Volvo unit's autonomous truck goes the distance in test as Hokkaido faces driver shortage

SHARI, HOKKAIDO – The Japanese unit of Sweden’s AB Volvo demonstrated for journalists on Thursday a highly autonomous truck at a sugar factory in Hokkaido, where it moved for about 1.5 kilometers (1 mile) without the involvement of a human driver. UD Trucks Corp. said the test, which began in early August, is the first level 4 experiment using a large truck in Japan. A level 4 vehicle — a notch below complete autonomy — can perform all driving tasks without a driver, even in emergencies, in designated areas and routes.

The truck maker has teamed up with Nippon Express Co., one of the country’s major logistics firms, and the Hokuren Federation of Agricultural Cooperatives to conduct the test as part of efforts to address a severe driver shortage in the graying country. At the test site, the autonomous truck ran the distance, including about 200 meters on a public road around the factory, at a speed of 20 kph (12 mph). The heavy duty truck smoothly entered the factory site from the public road and went to a sugar beet storage site before arriving at the factory where the material is processed.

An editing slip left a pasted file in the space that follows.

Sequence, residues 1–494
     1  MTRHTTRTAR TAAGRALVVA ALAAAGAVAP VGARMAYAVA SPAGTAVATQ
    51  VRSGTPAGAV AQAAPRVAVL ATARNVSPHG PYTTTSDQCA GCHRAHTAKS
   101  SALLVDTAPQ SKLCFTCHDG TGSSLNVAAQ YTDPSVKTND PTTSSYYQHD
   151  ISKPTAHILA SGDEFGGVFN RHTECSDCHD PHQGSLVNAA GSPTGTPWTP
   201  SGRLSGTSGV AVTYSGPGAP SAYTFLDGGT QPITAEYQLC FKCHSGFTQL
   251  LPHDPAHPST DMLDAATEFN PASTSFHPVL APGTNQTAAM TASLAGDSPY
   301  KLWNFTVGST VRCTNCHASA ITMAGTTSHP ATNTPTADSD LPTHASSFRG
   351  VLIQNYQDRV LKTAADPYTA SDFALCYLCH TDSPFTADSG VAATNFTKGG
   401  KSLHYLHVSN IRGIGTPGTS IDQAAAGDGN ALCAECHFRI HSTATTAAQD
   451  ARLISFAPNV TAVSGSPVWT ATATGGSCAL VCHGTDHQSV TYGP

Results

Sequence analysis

A driver was aboard to ensure safety, but he kept his hands off the wheel during the demonstration. “We’d like to launch commercial operations (of level 4 vehicles) in a confined area as early as next year,” UD Trucks President Takamitsu Sakamaki said at a news conference. The test is also aimed at improving efficiency in farm product logistics in Hokkaido.

“I’m afraid we’ll face severe driver shortages in the near future.

I hope the autonomous driving technology will soon be realized to ensure a stable supply of farm products,” Hokuren Chairman Kazuyuki Uchida told reporters.

Japan will see a shortage of 240,000 truck drivers by 2027 due to the country’s rapidly graying population, according to Nippon Express.

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